From The 2nd Royal Irish Rifles in the Great War, etc:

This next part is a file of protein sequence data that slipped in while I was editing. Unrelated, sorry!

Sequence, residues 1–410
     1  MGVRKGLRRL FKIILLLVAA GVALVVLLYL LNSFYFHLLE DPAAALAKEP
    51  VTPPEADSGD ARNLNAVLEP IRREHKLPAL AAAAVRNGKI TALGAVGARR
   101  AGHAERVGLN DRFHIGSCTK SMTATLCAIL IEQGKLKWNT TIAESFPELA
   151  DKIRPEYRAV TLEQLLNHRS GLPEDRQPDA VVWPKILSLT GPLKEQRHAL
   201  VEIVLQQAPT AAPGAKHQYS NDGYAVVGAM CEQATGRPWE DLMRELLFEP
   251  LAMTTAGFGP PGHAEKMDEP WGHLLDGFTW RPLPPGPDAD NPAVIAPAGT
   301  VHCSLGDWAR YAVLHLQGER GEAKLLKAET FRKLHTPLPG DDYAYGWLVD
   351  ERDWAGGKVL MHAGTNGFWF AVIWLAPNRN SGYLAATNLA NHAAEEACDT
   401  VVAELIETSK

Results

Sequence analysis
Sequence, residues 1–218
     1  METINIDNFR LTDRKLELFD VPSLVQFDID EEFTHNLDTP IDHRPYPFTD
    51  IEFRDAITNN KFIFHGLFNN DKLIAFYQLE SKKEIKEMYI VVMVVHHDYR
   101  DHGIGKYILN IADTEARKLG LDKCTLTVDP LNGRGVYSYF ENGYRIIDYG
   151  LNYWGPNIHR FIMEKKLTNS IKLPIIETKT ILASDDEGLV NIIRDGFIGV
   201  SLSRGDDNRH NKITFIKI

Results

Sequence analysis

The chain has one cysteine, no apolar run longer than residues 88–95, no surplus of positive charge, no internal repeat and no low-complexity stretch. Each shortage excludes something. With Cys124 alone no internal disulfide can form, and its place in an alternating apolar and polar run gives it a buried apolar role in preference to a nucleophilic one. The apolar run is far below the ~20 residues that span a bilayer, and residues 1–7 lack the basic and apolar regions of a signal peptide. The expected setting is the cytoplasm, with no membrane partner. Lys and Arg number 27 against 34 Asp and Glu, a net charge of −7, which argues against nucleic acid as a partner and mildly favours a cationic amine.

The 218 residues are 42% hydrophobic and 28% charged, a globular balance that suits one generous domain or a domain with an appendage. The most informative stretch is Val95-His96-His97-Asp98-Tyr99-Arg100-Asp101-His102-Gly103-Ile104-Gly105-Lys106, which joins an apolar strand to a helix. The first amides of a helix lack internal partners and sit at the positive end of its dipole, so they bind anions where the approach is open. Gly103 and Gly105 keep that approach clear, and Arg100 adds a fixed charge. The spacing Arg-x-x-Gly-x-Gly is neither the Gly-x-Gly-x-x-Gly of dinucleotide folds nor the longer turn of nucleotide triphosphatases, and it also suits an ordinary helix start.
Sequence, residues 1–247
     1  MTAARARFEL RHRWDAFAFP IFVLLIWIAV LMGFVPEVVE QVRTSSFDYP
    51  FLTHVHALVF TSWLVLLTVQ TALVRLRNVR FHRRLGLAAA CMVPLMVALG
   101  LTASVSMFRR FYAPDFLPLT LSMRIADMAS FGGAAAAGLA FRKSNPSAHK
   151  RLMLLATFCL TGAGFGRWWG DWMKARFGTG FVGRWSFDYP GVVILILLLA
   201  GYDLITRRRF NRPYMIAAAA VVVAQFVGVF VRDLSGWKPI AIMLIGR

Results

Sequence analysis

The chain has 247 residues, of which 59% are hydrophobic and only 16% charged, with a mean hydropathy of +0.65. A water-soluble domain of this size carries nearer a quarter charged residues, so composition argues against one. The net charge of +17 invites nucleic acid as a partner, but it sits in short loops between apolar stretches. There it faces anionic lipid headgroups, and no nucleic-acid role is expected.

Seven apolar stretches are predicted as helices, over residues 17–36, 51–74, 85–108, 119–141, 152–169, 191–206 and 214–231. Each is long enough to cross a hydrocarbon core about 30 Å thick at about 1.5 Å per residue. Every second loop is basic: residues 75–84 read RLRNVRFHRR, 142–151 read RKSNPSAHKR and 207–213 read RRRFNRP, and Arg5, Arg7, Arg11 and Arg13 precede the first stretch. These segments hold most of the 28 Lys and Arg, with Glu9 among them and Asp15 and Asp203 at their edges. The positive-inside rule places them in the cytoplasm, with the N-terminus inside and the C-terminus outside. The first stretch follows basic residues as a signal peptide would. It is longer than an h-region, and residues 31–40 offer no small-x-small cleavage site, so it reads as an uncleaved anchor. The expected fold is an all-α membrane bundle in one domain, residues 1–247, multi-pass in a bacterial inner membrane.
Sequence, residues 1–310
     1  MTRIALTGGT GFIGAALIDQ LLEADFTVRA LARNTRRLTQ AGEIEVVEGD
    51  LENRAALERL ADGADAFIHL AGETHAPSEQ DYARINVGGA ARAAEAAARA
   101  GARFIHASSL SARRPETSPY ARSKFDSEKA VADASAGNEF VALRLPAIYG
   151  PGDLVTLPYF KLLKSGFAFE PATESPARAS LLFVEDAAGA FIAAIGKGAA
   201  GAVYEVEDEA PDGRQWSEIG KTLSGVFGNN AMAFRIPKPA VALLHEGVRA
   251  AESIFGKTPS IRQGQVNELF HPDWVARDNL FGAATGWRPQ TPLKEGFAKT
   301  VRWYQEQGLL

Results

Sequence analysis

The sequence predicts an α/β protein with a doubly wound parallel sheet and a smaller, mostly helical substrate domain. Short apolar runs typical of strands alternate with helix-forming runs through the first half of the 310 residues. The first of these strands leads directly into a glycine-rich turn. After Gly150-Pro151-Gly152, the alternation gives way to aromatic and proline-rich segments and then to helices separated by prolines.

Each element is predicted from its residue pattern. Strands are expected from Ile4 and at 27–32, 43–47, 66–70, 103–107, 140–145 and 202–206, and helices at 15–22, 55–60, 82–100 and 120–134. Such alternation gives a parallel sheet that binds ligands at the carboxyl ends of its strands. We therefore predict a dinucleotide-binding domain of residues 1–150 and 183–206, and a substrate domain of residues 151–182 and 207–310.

Lennox 2/Lt. Alfred James. Born in Armagh, 1889, the only son of William James and Mildred Anna Lennox, 24 Abbey Street, Armagh. His father, born in Co. Derry, was a general draper at 17 and 19 Market Street, Armagh. His mother was born in Co. Antrim. Their religion declared in the 1901 Census was Fellowship of God’s Son. Siblings at that time were Jeannie (13), Louisa Agnes (10), Annie (9), and Mildred (6). Educated at the Royal School, Armagh. Enlisted as Pte 2388 in D Coy, 6th Black Watch (Royal Highlanders) TF, Perth, 10.10.1914. Declared age 23 years 5 months, height 5 foot 8½ inches, chest 35½–38 inches. Address 24 Abbey Street. Embarked Folkestone 2.5.1915. Received a slight GSW to the shoulder, 1.6.1915, and was admitted to No. 1 FA 51st Highland Division at Locon, and to No. 7 CCS at Merville the next day. Transferred to No. 5 Train on the 4th, to No. 20 General Hospital on the 5th, and to a convalescent camp at Etaples 20.8.1915. Rejoined his unit 31.8.1915. Discharged to a commission in 7th RIR, 28.11.1915, and posted to 2nd RIR, joining from the Cadet School 8.12.1915. Missing, believed killed, 19.1.1916. Reports on file state that he was killed on the 20th. His father wrote to the WO, 28.2.1916, that he had heard from the CO and from Capt. Kelly who ‘do not quite close the door against the faint hope that our beloved son may have been only wounded when he fell, and may therefore be alive in the hands of the enemy’. An internal WO memo dated 30 June referred to ‘List No. 131A’ from the German Government to the American Embassy in Berlin: a list of British dead forwarded to the Foreign Office 20.3.1916. One man is ‘Lenorx? 6 R.H.P. No. 2388’. This was taken as being Lennox and death was accepted for official purposes. Died intestate leaving an estate of £183. Witness statements: 7285 Rfn T. Compton, A Coy, at No. 23 General Hospital, Etaples, 14.7.1916, said he saw Lennox’s body lying in a trench at Vimy Ridge. He had been killed by a HE shell and the head was separated from the body. Compton knew Lennox well and was in a traverse when the shell that killed him came over. Lennox was buried at ‘Souci Valley’ behind the trenches. 8205 Rfn Coates, aboard the St David, Boulogne, 12.7.1916, saw Lennox killed on January 19th. Lennox was in charge of a party of bombers of which Coates was one. They were in an enemy trench near Le Touquet on the left of Armentieres. A bomb came over and blew Lennox into the air. ‘He was quite dead but his body was not taken back. The bomb fell in front of him and I remember I shouted to him, but he walked right on top of it and was killed outright.’ Ploegsteert Memorial. File ref: 339/50623.